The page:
When fully engaged and focused on the finer points of the game, they are as dynamic as any second-line duo in the NHL. When they're not, things can get sloppy. Really sloppy. So Sullivan will occasionally split them up, as he did with Pittsburgh's offense languishing at the end of a road trip out West.
Yet Sullivan almost always puts them back together, confident the good will outweigh whatever baggage might come along with it. The evidence was on display during a workmanlike 3-1 victory over the Arizona Coyotes on Tuesday night. Malkin and Kessel both had a goal and two assists as the Penguins put together a clinical performance to take some of the sting out of an uneven five-game swing through Western Canada.
''They were threats most shifts,'' Sullivan said. ''They're playing hard right now. ... What our coaching staff really likes is how hard they're playing, how committed they are.''
Funny how much better the two-time defending Stanley Cup champions look when that happens.
''We're excited to play together but we need to understand it's one game,'' Malkin said. ''It's important, but now we need to do it more.''
Schultz scored 59 seconds into the game and Malkin made it 2-0 just over two minutes later. That was more than enough for Murray, who was rarely challenged.
''Those are tough games sometimes,'' Murray said. ''You get periods of time where you're just standing there doing nothing and trying to keep yourself engaged and all of a sudden it's a 3-on-1 or a breakaway. It can be a bit difficult at times but as a team we did a good job handling it, keeping them contained and not giving them a whole lot.''
Sullivan joked that a visit by Arizona coach Rick Tocchet - who spent the last two seasons as Sullivan's top lieutenant while the Penguins became the first team in nearly two decades to win back-to-back Cups - was exactly what Pittsburgh needed to get it going. He might have been on to something.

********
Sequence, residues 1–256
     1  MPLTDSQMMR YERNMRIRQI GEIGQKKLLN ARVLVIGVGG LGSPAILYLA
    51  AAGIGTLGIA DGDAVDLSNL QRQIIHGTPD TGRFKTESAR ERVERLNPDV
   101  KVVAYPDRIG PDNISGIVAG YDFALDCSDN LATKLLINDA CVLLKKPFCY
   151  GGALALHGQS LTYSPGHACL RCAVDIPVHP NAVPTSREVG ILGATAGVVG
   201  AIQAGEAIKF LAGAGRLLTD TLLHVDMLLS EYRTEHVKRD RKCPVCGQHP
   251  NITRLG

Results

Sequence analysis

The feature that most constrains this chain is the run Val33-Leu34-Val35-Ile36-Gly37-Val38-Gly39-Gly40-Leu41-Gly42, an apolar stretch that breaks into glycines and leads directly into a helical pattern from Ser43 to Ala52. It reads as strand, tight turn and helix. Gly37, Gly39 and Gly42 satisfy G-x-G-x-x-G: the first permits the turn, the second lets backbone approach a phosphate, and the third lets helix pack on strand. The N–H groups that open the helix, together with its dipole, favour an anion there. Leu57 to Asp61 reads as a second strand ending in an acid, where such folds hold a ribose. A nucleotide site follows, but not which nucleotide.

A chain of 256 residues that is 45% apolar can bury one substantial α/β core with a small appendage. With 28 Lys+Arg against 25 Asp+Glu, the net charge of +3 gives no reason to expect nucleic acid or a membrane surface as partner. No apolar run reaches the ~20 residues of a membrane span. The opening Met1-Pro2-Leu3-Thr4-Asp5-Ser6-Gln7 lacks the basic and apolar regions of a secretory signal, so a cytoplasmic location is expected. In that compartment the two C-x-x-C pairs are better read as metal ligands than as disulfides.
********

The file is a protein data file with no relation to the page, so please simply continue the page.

By the time the crowd rose to its feet to give Tocchet a standing ovation during a first-period stoppage, the Penguins were already up by two.
''That's pretty much what you get with a back-to-back and you give up two quick goals early on in a game,'' Raanta said. ''As a goalie, you don't want to do that. The first 10 minutes are usually crucial and the first one was that kind of goal you don't want to let in. It was tough for the team after those two goals.''
Raanta settled down after his sluggish start and kept Arizona in it thanks in part to a sprawling save with his right pad to thwart a 2-on-1. Rieder's goal 26 seconds into the third briefly gave the Coyotes hope and marked Arizona's first score in Pittsburgh since March 28, 2015.
The rally never fully materialized, mostly because the Coyotes couldn't stay out of the penalty box. Arizona took six penalties in all, and the NHL's second-ranked power play finally broke through when Kessel knocked a floating puck out of the air and into an open net 6:06 into the third to restore Pittsburgh's two-goal advantage.
''I thought the PK did a great job,'' Tocchet said. ''I think they did a hell of a job. They got some zone time a little bit, but you can't give (the Penguins) (12) minutes of power plays.''
NOTES: Pittsburgh wore purple jerseys during warmups as part of a cancer awareness campaign. The jerseys will be autographed and auctioned online, with the proceeds going to benefit research at the UPMC Hillman Cancer Center and the Mario Lemieux Foundation. ... To make room for Schultz on the roster, the Penguins reassigned D Zach Trotman to Wilkes Barre/Scranton. ... Penguins captain Sidney Crosby did not have a shot, the first time he's gone without one in a regular-season game since March 3, 2017, against Tampa Bay.
Coyotes: Finish a three-game road trip in St. Louis on Thursday.
Penguins: Play at Washington on Friday. Pittsburgh edged the rival Capitals 3-2 on Oct. 10.
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